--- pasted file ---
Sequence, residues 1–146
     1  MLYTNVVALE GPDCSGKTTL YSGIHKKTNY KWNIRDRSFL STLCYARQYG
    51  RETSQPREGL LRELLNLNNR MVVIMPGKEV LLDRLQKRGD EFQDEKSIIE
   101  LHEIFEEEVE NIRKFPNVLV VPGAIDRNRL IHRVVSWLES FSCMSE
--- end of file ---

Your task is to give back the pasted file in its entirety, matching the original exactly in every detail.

Sequence, residues 1–146
     1  MLYTNVVALE GPDCSGKTTL YSGIHKKTNY KWNIRDRSFL STLCYARQYG
    51  RETSQPREGL LRELLNLNNR MVVIMPGKEV LLDRLQKRGD EFQDEKSIIE
   101  LHEIFEEEVE NIRKFPNVLV VPGAIDRNRL IHRVVSWLES FSCMSE